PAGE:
Very Coarse Language & Graphic Violence Should Not Have Aired Before 9:00 pm, Says Canadian Broadcast Standards Council

Ottawa, April 18, 2018 – The Canadian Broadcast Standards Council (CBSC) today released its decision concerning an episode of Star Trek: Discovery broadcast on the discretionary television service Space on October 15, 2017. Space broadcast the episode at 8:00 pm Eastern time with viewer advisories. The CBSC found a breach of the Canadian Association of Broadcasters’ (CAB) Code of Ethics and Violence Code for broadcasting the f-word and graphic violence before 9:00 pm, and for failing to put a classification icon on the program.

Star Trek: Discovery is a science fiction series, set a decade before the original Star Trek series. One episode was entitled “Choose Your Pain”. It contained two instances of the word “fucking” as the crew members expressed excitement about a scientific discovery, as well as numerous scenes of violence between the Federation and the Klingons. One scene showed a Klingon ripping out the heart of a pilot, while others showed graphic beatings and torture of prisoners and a lengthy fight sequence as Federation members tried to escape a Klingon ship.

A viewer complained about the scheduling of the content, suggesting that the coarse language was inconsistent with previous Star Trek series, and not acceptable in prime time. Space noted that it had provided a viewer advisory and the coarse language was not used to insult anyone. It also explained that it had chosen to air the episode uncensored given the expectations of loyal Star Trek fans.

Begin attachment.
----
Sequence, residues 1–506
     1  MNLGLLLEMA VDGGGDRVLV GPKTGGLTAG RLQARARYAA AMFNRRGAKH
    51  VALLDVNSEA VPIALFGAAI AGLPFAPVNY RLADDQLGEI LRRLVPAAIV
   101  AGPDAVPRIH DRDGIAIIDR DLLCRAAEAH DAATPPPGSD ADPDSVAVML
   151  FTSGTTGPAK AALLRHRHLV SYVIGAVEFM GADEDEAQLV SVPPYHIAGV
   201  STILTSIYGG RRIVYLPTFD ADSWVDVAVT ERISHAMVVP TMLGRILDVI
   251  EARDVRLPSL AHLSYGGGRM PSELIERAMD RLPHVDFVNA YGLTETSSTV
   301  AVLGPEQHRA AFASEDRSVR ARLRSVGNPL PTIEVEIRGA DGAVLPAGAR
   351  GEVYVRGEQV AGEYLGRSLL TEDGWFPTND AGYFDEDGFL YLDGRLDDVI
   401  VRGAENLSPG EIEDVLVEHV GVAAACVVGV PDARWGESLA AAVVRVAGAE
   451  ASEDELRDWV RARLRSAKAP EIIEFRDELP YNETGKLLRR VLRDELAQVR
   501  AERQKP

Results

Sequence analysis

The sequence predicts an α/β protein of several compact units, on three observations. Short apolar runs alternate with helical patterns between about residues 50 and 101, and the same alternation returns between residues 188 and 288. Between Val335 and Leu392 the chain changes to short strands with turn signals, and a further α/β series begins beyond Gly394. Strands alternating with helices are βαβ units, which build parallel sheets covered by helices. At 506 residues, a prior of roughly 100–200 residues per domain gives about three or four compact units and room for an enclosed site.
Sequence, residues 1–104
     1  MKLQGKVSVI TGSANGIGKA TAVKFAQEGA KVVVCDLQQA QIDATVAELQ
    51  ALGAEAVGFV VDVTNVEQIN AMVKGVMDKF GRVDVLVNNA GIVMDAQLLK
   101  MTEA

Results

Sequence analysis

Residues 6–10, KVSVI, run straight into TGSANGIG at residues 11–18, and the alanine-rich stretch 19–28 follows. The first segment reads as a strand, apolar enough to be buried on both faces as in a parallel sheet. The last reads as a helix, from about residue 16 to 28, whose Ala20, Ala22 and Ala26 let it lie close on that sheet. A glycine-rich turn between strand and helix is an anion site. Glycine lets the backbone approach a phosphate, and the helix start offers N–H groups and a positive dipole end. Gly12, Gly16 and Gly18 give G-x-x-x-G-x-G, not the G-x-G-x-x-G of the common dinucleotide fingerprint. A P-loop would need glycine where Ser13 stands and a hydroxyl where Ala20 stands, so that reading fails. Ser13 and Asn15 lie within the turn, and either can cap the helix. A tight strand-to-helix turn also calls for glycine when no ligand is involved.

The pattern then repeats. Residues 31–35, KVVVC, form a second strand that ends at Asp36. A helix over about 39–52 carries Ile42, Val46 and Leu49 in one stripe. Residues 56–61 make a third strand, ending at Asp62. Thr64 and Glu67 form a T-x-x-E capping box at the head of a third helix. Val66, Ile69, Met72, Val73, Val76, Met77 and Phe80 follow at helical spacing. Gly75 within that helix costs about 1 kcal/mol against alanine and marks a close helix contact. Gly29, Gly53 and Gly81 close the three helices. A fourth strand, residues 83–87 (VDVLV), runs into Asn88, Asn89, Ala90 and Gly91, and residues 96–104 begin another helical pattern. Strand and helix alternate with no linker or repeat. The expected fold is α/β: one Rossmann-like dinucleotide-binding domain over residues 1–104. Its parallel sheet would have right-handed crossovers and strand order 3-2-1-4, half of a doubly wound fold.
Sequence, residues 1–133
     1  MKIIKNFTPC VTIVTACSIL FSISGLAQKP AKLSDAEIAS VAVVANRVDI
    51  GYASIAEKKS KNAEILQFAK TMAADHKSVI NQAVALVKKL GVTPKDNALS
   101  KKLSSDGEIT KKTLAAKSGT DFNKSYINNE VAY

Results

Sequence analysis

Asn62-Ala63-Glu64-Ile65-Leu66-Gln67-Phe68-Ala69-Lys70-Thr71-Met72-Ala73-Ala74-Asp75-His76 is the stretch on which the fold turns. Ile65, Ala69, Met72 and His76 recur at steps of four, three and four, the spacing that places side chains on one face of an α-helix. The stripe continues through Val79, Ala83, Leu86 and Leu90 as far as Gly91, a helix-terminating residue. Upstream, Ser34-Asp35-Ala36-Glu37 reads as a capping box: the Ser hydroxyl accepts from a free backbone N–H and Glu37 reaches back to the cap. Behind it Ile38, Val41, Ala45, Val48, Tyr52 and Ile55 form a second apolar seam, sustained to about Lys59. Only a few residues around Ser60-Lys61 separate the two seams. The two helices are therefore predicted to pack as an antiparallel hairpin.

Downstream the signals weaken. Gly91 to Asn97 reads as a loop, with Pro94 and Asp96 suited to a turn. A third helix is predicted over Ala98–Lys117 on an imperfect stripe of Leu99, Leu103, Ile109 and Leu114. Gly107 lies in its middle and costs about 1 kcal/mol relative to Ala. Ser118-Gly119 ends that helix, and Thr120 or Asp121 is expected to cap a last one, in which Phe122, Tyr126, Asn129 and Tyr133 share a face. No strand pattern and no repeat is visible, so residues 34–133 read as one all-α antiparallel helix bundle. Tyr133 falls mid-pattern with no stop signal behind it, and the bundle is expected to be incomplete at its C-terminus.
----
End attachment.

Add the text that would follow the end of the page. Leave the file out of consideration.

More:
The CBSC’s English-Language Panel examined the complaint under Clause 10(a) of the CAB Code of Ethics and Article 3.1.1 the CAB Violence Code which, respectively, require coarse language and violence intended for adult audiences to be broadcast only after 9:00 pm. The Panel maintained that the f-word should not have been aired prior to 9:00 pm. It also concluded that the violence was graphic and explicit, and should not have aired before 9:00 pm. Despite the fact that Space said it rates this program 14+, there was no classification displayed during this episode. The lack of classification breached Article 4.0 of the CAB Violence Code.

The CBSC was created in 1990 by Canada’s private broadcasters to administer the codes of standards that they established for their industry. The CBSC currently administers 5 codes which deal with ethics, equitable portrayal, violence, news and journalistic independence. Around 800 radio stations, satellite radio services, conventional and discretionary television services across Canada participate in the Council.

– 30 –

All CBSC decisions, codes, and related information are available on the CBSC’s website at